Previously, if you wanted all-wheel drive in a compact package, you’d have to opt for a Fiat Panda 4x4 or a more expensive crossover. Instead, the Swift is available with Allgrip for a not unreasonable £1000 premium over a similarly equipped 1.0-litre. There are some compromises, however, if you want that go anywhere ability.
Unsurprisingly, all-wheel drive is only available in top-spec trim, and you can’t have it mated to our favourite 1.0-litre Boosterjet engine. Therefore you have to settle for the 89bhp, naturally aspirated 1.2-litre four-cylinder Dualjet motor; an engine which already felt underpowered in the lighter front-wheel drive variant we tested earlier this year.
That said, even with a hybrid system and four-wheel drive, the Swift still comes in at under 1000kg. So perhaps it will still have that stellar handling that we’ve come to know and love. We take to the Peak District to find out.
What's it like?
As with the 1.0-litre SHVS Boosterjet, the mild hybrid system is slick in its operation, with the integrated starter generator allowing for smooth and relatively silent restarts when pulling away. Combined with light steering, a slick six-speed manual gearbox and a firm yet consistent ride, the Swift is breeze to guide around town.
It’s only when you leave the confines of an urban environment that you start to question the relevance of both the four-wheel drive system and naturally aspirated 1.2-litre engine. Despite our full-fat test car weighing just 980kg, it’s immediately obvious that you have to work the little four-cylinder far harder than the front-wheel drive three-cylinder Boosterjet. Long uphill drags require a low gear and plenty of revs, while overtakes demand an unnerving mix of bravery and momentum.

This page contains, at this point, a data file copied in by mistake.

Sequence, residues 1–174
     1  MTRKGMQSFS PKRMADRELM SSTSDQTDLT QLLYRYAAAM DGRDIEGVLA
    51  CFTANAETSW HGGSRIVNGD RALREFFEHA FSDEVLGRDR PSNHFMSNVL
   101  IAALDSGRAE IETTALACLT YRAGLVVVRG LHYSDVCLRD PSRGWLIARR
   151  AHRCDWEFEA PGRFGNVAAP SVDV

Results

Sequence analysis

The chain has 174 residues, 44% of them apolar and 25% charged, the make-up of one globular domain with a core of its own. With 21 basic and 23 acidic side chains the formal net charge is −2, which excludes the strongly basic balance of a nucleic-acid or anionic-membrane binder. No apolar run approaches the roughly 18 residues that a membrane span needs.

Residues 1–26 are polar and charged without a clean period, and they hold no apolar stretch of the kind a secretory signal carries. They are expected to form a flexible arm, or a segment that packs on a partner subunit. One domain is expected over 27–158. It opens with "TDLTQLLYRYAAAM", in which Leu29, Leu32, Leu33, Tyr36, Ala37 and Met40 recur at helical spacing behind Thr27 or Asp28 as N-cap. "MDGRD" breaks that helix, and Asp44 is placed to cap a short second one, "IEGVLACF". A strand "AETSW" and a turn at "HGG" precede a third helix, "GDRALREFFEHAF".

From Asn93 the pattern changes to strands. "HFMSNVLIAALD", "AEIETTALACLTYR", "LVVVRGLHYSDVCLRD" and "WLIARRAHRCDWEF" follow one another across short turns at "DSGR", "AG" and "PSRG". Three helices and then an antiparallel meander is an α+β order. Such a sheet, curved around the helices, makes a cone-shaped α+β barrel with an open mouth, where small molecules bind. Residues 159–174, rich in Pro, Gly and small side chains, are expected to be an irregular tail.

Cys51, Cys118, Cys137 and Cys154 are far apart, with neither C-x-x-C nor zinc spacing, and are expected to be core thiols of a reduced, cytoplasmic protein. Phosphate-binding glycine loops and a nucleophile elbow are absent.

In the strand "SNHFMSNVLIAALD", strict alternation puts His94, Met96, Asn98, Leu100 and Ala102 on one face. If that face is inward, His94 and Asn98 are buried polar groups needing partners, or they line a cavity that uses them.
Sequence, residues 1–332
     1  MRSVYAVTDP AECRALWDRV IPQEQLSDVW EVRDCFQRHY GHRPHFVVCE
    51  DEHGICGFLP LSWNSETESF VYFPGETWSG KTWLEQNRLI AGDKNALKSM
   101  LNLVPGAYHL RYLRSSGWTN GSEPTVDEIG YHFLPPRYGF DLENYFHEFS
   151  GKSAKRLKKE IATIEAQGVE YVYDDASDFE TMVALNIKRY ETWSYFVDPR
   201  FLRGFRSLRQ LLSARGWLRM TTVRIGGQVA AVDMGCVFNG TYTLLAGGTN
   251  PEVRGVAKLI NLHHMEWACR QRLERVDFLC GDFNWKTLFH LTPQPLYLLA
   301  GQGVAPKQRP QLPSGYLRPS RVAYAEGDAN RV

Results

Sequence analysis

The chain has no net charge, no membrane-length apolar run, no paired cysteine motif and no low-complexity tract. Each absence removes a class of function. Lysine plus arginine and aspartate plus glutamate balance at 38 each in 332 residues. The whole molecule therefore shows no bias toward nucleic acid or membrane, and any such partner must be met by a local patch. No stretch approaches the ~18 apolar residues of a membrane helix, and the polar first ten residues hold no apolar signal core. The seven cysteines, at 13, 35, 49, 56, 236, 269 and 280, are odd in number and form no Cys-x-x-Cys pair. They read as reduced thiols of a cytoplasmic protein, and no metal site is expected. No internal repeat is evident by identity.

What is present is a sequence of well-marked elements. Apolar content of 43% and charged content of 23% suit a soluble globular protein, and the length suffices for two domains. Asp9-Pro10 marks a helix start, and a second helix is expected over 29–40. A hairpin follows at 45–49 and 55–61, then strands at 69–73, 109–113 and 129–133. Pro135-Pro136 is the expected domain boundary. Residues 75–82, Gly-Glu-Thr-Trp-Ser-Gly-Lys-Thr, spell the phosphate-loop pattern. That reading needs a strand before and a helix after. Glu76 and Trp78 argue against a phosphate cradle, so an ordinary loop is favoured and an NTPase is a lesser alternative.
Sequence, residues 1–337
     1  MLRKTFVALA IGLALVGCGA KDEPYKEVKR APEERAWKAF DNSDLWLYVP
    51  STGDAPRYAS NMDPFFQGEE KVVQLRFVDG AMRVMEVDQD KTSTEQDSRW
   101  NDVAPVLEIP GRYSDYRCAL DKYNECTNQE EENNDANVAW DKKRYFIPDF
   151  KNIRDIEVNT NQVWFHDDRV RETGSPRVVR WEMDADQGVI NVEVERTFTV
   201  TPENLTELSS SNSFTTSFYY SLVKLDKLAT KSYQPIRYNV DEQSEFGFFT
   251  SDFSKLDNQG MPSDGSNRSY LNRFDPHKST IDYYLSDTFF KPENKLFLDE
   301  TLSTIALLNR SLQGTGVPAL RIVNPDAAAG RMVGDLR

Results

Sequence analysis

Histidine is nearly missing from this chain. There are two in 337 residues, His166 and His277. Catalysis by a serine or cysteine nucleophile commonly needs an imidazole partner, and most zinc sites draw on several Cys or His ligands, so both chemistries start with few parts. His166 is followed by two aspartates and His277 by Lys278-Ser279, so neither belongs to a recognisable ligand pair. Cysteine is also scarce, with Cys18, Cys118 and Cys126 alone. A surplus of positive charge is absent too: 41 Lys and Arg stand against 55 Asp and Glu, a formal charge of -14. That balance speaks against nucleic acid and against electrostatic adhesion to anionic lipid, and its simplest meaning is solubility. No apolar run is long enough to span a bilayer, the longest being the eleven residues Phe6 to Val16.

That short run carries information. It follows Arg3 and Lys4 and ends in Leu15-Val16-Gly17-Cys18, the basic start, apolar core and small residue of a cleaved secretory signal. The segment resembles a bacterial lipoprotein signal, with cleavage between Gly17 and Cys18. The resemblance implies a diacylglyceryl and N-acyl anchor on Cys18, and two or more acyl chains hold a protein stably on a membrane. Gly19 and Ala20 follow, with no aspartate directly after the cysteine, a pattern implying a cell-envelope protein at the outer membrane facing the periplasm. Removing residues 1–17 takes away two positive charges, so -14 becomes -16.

Thankfully, maintaining momentum is one of the Swift’s fortes. With a lighter and stiffer platform than its predecessor – a car universally praised for its dynamic prowess – the little Suzuki is genuinely entertaining on the right road. Despite some initial body roll, once turned in the Swift feels stable, well balanced and if provoked, adjustable. Granted, the steering lacks the off-centre directness of the formidable Ford Fiesta, but it is certainly the best of the rest.
That said, the very same can be said for the cheaper and more economical front-wheel drive variants. Ultimately, after a day of blasting around a wet and windy Peak District, it was hard to see the appeal of the four-wheel drive system. Push the Swift to the very limit of adhesion and the viscous coupling does a good job of stabilising your line, but the same effect could be achieved with a lift of throttle or some well-calculated braking. Unless you live on a farm or find yourself driving frequently on rutted low grip tracks, stick with the front drivers.
Interior-wise, our top-of-the-range UK-spec SZ5 came packed with kit. Sat-nav, Apple Car Play, autonomous braking, LED headlamps, adaptive cruise control and 16-inch alloys are all standard. Which is just as well really, because interior quality is still some way off the competition. That’s not to say it feels cheap, but the materials choice isn't a match for supermini rivals such as the Skoda Fabia and Mini Cooper.
Should I buy one?
On paper, the fitting of a four-wheel drive system to the Swift has been a rather successful affair. The weight penalty is minimal, fuel economy is relatively unaffected (62.8mpg plays the standard car’s 65.7mpg) and the Allgrip produces just 3g/km more CO2.